Separation Mechanisms

Many attempts have been made to explain the mechanism of separation in SEC but steric exclusion (or size exclusion) is accepted to be the main process governing the separation. This mechanism is based on a thermodynamic equilibrium between stationary and mobile phases. As the nature of the solvent is the same in both phases, the question is to explain the dependence of the distribution coefficient Ksec on the size of the separated species. One of the simplest approaches uses the above-mentioned geometrical models; nevertheless, the retention volume is determined not only by the accessibility of a part of the volume of the individual pores but also by the size distribution of the entire system of pores in the column packing material. The distribution coefficient for an individual pore depends on the ratio of the pore size to the size of the separated particles and can be expressed by:

-^sec where the concentrations cp and co refer to the pores and the interstitial volume. If the pore size distribution of the column packing particles is taken into consideration, the retention volume is given by:

K(R, r)^(r) dr where <(r)dr is the total volume of the pores whose radii lie within r and r + dr, and R is an equivalent radius of the retained particles. Hence, the retention volume of a given particulate species is determined coincidentally by the accessibility of a part of the volume of the individual pores and by the size distribution of the entire system of pores inside the column packing particles. Although different column packings exhibit almost identical dependences of VR on separated particles size, porosimetric measurements indicate various pore size distributions. This means that the relationship between the pore size distribution and the retention volume of the separated species is not so straightforward.

An interesting model of separation by flow was proposed by Di Marzio and Guttman. The porous

o structure of the SEC column packing is approximated by a system of cylindrical capillaries. The separated species move down the pores by the action of the flow but cannot get nearer to the pore wall than a distance determined by their radius. Consequently, they move at a velocity higher than the average velocity of the liquid flow due to a parabolic flow-velocity profile established in an imaginary cylindrical pore. Hence, the retention is determined by the ratio of the pore to the particle diameter. There are several factors that militate against this separation mechanism. The model assumes that the liquid can flow through the pores, which will not be true in most cases with polymeric gel particles used as column packing materials. Moreover, even in those cases when the pores are open to through flow, their diameter in comparison with the size of the interstitial voids cannot allow the flow rate to be high enough to explain the real values of the retention volumes. For the same reason, the frequently used explanation of the SEC mechanism of separation by an oversimplified model of molecular sieving is not accurate. This model, however, explains quite well the separation of large particles in hydrodynamic chromatography where either very large open pores are present in the particles of column packing or the packing particles are not porous and the separation by flow is performed in the interstitial volume only.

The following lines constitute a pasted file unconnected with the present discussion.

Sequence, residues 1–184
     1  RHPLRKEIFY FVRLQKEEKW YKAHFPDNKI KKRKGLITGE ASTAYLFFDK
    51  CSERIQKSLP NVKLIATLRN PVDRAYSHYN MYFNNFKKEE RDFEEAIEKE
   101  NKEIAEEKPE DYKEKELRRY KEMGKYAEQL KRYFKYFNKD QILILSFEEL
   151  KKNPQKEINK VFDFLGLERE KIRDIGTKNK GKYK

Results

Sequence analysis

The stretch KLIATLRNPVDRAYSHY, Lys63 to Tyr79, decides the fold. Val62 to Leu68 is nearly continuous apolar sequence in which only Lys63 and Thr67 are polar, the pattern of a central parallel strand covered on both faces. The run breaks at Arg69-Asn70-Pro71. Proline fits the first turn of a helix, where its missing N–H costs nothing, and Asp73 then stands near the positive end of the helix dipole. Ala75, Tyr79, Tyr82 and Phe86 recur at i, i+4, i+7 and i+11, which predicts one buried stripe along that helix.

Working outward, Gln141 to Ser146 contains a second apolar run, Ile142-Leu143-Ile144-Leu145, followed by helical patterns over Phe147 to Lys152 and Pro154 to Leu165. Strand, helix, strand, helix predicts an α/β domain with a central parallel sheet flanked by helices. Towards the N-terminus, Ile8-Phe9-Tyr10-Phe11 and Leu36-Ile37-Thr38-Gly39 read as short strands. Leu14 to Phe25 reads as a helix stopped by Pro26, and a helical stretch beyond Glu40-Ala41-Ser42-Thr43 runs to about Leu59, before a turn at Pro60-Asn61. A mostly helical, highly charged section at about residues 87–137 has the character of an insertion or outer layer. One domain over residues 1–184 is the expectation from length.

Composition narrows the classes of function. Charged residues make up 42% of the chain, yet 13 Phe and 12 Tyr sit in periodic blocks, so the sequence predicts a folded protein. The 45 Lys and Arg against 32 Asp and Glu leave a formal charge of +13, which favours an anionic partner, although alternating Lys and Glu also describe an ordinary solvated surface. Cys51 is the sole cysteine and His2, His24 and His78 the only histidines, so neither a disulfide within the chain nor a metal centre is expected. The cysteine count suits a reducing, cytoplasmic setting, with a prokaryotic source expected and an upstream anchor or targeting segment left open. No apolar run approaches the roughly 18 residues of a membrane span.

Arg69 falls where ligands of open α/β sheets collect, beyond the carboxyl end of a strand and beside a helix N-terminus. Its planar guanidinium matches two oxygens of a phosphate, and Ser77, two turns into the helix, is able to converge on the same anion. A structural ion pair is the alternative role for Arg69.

More complicated mechanisms based on the interactions between the separated species and the stationary phase may occur in an SEC column in addition to the steric exclusion mechanism: adsorption, liquid-liquid partition, electrostatic repulsions between the separated particles and the packing material, etc. The pure SEC separation mechanism can be operating only if the column packing material and the solvent are chosen to suppress these secondary effects. If the distribution coefficient Ksec is larger than 1, it is certain that other interactions, e.g., adsorption, beside the steric exclusion mechanism come into play and increase the retention. Unfortunately, if Ksec lies between 0 and 1, it does not mean that secondary interactions are definitely not interfering. Although such interactions are secondary, they can either improve or worsen the resulting separation. From the thermodynamic point of view, the separation is carried out near equilibrium conditions and the distribution coefficient can be described by:

Dawkins and Hemming considered the enthalpic term on the right-hand side of this equation as a distribution coefficient, the value of which is unity, provided that size exclusion is the only effective mechanism. In such a case, the entropic term represents the pure size-exclusion mechanism. If other attractive interactions come into play AH° becomes negative and, if some repulsive interactions are involved, AH° is positive.

Other mechanisms explaining the separation in SEC have been proposed but most of them apply exclusively to the separation of macromolecules. The details can be found in the specialized literature. The above-presented approaches give an accurate basic idea of the separation of particles by SEC.

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